SSD & SSI
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SSD & SSI
Let’s begin with some basics. Social Security is a government program that provides monthly cash benefits and medical coverage to Americans. Most of the people who get these benefits are retirees. But another group of beneficiaries is made up of people who cannot work because of a disability.
Social Security administers two programs for the disabled. One is Social Security Disability Insurance, which we call “SSD” around our office. (You might here it called “SSDI” by other people, but in our office we find that SSD is just easier.) The other program is Supplemental Security Income, which we will refer to as “SSI.” There are important differences and similarities between SSD and SSI, and we need to get them straight early on.
Originally, the Social Security Act offered nothing to the disabled. It was not until 1956 that this changed. At that point, the government agreed to provide monthly payments to injured or ill workers who had put money into the system through the payroll tax. (We’ll talk about this payroll tax, called FICA in a later section.) This development left us with SSD. Basically, SSD is designed to protect workers who were on their way to a normal retirement at age 65, but who got stopped short along the way by a disability. SSD is part of Title 2 of the Social Security Act.
Social Security was given administrative control of a program called Supplemental Security Income in 1972. The program is structured to protect the very poor and needy, including those who have never been able to work. What the SSI creators really had in mind was blind people, who for obvious reasons, would not be able to hold down most jobs without accommodations and who probably needed financial support. But SSI is available for both the elderly and for the disabled. SSI is part of Title 16 of the Social Security Act.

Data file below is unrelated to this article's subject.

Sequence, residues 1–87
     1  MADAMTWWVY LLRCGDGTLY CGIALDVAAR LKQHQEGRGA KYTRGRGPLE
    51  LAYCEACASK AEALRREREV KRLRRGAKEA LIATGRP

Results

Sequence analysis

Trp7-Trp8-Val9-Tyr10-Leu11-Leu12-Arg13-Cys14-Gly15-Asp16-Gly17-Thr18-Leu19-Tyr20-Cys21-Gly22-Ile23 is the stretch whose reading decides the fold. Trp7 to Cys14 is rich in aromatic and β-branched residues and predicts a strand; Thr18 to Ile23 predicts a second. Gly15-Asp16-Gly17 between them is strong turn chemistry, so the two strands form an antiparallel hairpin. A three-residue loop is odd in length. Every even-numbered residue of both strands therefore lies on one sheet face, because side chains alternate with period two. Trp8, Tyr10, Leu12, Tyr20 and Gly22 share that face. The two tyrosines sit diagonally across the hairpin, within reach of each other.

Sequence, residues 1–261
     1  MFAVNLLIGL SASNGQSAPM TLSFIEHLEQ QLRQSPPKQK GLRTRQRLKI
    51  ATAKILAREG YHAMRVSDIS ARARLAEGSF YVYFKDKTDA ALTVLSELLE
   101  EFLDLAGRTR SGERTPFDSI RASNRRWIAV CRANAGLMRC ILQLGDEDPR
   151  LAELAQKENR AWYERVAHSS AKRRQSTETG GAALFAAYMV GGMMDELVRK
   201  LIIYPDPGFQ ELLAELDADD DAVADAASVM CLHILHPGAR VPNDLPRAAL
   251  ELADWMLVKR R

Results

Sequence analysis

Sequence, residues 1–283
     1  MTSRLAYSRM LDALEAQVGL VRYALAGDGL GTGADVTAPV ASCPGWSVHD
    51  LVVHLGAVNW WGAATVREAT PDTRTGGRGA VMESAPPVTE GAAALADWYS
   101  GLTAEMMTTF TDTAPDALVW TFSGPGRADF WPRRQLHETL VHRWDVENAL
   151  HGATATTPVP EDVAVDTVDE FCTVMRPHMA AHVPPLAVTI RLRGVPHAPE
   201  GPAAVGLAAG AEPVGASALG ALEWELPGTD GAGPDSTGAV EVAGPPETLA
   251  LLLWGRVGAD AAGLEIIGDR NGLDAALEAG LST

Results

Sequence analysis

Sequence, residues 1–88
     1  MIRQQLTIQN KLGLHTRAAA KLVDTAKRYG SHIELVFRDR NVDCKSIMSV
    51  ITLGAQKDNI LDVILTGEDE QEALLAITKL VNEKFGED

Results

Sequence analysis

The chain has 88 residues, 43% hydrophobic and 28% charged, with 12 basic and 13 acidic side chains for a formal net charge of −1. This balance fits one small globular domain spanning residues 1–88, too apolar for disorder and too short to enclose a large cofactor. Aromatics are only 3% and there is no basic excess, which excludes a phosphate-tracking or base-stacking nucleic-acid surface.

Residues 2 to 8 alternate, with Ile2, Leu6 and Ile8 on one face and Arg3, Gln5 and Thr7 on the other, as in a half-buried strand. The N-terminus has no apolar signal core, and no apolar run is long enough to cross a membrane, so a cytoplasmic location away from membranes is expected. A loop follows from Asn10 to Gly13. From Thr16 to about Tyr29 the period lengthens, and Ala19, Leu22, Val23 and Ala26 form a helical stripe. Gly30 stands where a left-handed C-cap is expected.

So, here is the main difference between SSD and SSI. SSD is for disabled Americans who have worked most of their adult lives but can no longer work. SSI is for disabled Americans who do not have a long work history and who are poor enough to qualify. Later, we’ll discuss how you know which is for you. You might be eligible for both.
The other main difference between SSD and SSI is what they offer as benefits. Like retirement, SSD returns some of your payroll taxes to you in the form of monthly cash benefits. This varies from person to person – the more you pain into the system, the more you will get back. SSI, on the other hand, gives you a set amount of money based on how poor you are. In fact, SSI has a limit of how much money or assets you can own. As for health coverage, SSD brings you Medicare, which is accepted by all hospitals and most doctors, while SSI makes you eligible for Medicaid, which offers comprehensive hospital care but which is rarely accepted by non-hospital physicians since the payment rate to physicians is so low.
It should be clear by this point that SSD is a more comprehensive program. The monthly benefits from SSD are almost always more than from SSI. As a result, we always try first to see if our clients are eligible for SSD. For some reason the government does not always do a good job. They often like to assume that a person is only eligible for SSI because this will save the Social Security trust fund. Unlike SSD, SSI does not come out of the Social Security trust fund to which we all contribute. SSI funds come from the general tax reserves. Therefore, it often takes some hard work and persistence to prove that an applicant is qualified for SSD.
Previous blog: https://www.binderandbinder.com/what-about-disability/
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